Google C++ Style Guide Definition: Streams are a replacement for printf() and scanf(). Pros: With streams, you do not need to know the type of the object you are printing. You do not have problems with format strings not matching the argument list. (Though with gcc, you do not have that problem with printf either.) Cons: Streams make it difficult to do functionality like pread(). Decision: Do not use streams, except where required by a logging interface. There are various pros and cons to using streams, but in this case, as in many other cases, consistency trumps the debate. Extended Discussion There has been debate on this issue, so this explains the reasoning in greater depth. Proponents of streams have argued that streams are the obvious choice of the two, but the issue is not actually so clear. cout << this; // Prints the address cout << *this; // Prints the contents The compiler does not generate an error because << has been overloaded. And so on and so forth for any issue you might bring up.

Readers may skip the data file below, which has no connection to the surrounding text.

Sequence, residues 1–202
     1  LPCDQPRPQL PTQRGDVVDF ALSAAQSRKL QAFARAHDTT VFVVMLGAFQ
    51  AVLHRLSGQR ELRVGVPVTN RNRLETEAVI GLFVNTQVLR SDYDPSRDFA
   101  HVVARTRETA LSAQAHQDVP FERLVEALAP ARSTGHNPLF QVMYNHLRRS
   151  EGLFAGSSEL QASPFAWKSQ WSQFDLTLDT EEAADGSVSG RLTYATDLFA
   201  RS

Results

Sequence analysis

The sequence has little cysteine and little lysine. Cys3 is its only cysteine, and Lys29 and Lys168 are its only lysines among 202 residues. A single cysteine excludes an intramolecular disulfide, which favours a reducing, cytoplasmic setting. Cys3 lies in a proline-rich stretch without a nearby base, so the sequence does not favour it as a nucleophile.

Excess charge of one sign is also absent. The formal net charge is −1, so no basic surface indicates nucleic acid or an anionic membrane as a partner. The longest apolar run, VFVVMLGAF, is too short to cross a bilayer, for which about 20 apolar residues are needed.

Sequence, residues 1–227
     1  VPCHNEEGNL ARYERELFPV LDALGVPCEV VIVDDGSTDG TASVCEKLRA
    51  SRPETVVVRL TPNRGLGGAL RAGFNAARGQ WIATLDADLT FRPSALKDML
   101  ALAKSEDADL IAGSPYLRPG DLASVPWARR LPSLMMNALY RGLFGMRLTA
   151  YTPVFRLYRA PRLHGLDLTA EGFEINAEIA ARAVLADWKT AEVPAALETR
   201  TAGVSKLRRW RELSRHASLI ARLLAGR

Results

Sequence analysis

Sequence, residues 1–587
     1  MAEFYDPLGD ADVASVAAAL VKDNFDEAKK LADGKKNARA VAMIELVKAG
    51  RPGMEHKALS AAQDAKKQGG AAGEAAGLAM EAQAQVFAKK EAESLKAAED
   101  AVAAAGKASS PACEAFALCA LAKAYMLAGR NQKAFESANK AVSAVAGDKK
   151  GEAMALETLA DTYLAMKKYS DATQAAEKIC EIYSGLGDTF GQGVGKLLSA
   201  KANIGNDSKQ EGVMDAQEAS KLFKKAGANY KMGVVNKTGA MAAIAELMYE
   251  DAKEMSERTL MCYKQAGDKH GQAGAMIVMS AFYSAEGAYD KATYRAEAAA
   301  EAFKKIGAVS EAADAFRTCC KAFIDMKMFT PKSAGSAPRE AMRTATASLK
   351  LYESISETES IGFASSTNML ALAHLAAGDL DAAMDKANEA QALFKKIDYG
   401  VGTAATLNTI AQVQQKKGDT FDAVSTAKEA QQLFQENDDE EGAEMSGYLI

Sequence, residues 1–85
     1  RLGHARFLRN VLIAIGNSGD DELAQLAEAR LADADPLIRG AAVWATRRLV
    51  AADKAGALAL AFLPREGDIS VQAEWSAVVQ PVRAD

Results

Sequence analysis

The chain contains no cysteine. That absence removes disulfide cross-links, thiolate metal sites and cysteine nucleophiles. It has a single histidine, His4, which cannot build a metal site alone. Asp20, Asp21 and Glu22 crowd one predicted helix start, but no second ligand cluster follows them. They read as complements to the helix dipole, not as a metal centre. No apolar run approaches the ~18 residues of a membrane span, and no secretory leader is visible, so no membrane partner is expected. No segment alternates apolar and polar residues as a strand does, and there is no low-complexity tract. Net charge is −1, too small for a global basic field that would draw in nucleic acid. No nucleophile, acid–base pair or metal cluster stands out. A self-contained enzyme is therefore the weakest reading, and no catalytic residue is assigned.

Home mrdoob/three.js - GitHub Intro to Git for Web Designers Unless you’re a one person web shop with no team to collaborate with, you’ve experienced the frustration that goes along with file sharing. No matter how hard you try, when multiple people are working on a single project without a version control system in place things get chaotic. If you work with developers on the buildout and implementation of websites, the merge between front-end templates and back-end functionality can be a scary black hole. Issues like overwrites, lost files, and the all-too-common “working off a previous version” phenomenon crop up constantly. In addition, even if you have a common repository that everyone is pulling from odds are at least one member of your team forgot to grab the latest files and is about to blow things up with their latest additions. In this article, I’ll give you a quick review of Git, an excellent version control system. Version Control – A Quick and Dirty Explanation A good VCS also allows you to merge changes to the same file. Meet Git